Is the government trying find a loophole to bring back the steel flyover project?
A portion of the steel flyover was proposed from Basaveshwara Circle till the base of the Guttahalli flyover as it descends onto Bellary Main Road.
According to a report published by the Azim Premji Foundation, there are 752 trees and 204 saplings in these areas of which the mast tree and large leaved mahagony were found in abundance. What is important to note is that these two species of trees are also listed in the amendment.
These areas also have several canopy trees including the gulmohar, paradise tree, neem and yellow cassia which have been listed in the 50 trees proposed to be denotified.
The most number of trees found in the proposed steel flyover area, from Guttahalli to the base of the Hebbal flyover, are the Indian cork tree, mulberry, tree of gold, African tulip and yellow cassia, silver oak, subabul, Indian mast tree and neem. These trees are also listed in the proposed amendment.
Activists say that depleting greenery will accentuate the “heat-island effect” and will lead to the increase in consumption of water.
Not the first time
The Karnataka Preservation of Trees Act, 1976 was enacted during Devaraj Urs’ Chief Ministership. This act became the centre of the cause environmentalists fought in the 1990s when Bengaluru witnessed massive urbanisation, says Vijay Nishanth.
With road-widening projects and construction of Namma Metro requiring the chopping of a large number of trees, the Environment Support Group filed an public interest litigation (PIL) in May 2008 with the Karnataka High Court.
Despite the High Court’s orders, the Bharatiya Janata Party (BJP) government with BS Yeddyurappa as its Chief Minister, tried to introduce loopholes into the the KPTA in 2010. The government had then been accused of enabling the timbre mafia.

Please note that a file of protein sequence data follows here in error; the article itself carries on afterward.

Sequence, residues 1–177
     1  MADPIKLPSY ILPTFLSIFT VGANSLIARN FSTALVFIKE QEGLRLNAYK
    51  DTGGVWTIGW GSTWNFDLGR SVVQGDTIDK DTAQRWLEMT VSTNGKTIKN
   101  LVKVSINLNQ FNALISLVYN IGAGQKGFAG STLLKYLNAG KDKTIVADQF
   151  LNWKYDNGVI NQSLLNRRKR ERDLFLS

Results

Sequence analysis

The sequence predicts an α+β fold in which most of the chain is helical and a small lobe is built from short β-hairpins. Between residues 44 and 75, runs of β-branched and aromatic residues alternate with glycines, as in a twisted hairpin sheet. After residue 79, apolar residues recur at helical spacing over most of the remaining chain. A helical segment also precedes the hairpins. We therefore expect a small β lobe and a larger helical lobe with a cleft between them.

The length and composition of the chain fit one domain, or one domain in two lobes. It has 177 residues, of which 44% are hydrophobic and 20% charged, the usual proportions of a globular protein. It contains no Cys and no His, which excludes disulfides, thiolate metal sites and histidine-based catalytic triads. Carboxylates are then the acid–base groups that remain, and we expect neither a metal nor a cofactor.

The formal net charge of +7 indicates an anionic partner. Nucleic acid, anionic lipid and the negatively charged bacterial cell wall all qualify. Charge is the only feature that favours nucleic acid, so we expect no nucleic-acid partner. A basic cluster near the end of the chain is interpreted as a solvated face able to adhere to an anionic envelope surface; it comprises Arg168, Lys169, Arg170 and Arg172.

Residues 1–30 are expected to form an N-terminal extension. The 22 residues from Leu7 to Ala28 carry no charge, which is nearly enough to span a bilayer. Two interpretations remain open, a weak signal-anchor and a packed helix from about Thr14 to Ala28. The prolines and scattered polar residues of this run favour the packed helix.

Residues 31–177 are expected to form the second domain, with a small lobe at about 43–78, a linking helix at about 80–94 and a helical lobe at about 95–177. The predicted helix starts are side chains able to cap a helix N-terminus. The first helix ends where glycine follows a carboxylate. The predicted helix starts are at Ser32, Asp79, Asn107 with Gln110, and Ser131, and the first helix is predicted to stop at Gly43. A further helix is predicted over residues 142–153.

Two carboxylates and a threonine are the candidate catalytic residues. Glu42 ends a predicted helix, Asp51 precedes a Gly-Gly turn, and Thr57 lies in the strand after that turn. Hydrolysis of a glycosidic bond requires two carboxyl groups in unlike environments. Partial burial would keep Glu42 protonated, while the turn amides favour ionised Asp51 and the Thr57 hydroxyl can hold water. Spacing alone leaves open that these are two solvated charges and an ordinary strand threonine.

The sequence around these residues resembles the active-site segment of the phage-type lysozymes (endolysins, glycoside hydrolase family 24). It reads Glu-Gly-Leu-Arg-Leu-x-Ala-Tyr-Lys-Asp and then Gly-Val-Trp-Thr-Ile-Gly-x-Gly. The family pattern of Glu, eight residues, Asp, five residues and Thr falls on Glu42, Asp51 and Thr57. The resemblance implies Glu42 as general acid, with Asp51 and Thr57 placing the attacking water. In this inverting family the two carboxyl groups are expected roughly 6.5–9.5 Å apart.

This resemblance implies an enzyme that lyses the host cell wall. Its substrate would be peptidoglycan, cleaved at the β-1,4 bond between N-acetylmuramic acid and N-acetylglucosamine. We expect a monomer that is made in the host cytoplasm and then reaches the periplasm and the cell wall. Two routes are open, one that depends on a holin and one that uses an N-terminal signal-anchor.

“The 2010 amendment proposed to denotify 30 species of trees. These included mango, banyan and several other important species. There was a lot of outrage back then and the government withdrew the amendment,” Vijay Nishanth said.
In October 2012, a bench comprising Karnataka Chief Justice Vikramjit Sen and Justice BV Nagarathna had said that the “public must be made aware of a proposal for removal of trees by issuance of public notice so that the objections can be invited. The Act does not provide any machinery in this regard.”
Shockingly, in 2014, the Congress government under the Chief Ministership of Siddaramaiah, amended the act during the Assembly session in December of that year without holding public consultation. The amendment was later gazetted in January 2015.
The PIL was dismissed in June 2015 on technical grounds that the petitioner had vested interests in the issue.
Activists to protest the move
Citizens for Bengaluru has started a Tweetathon where members of the organisation tweeted to the MLAs of their respective areas, asking them to vote against the amendment.
“What is the point of electing a leaders if they do not adhere to the requests of the voters? We do not want such leaders. We also submitted a memorandum to the BJP today asking them to oppose the amendment in the Assembly when the issue come up for discussion,” Tara Krishnaswamy said.
According to Vijay Nishanth, several activists have planned to organise protests and put pressure on the government to withdraw the amendment.
“We will not let this pass. The Assembly session will go on till the end of this month, we will pressurise the government,” he added.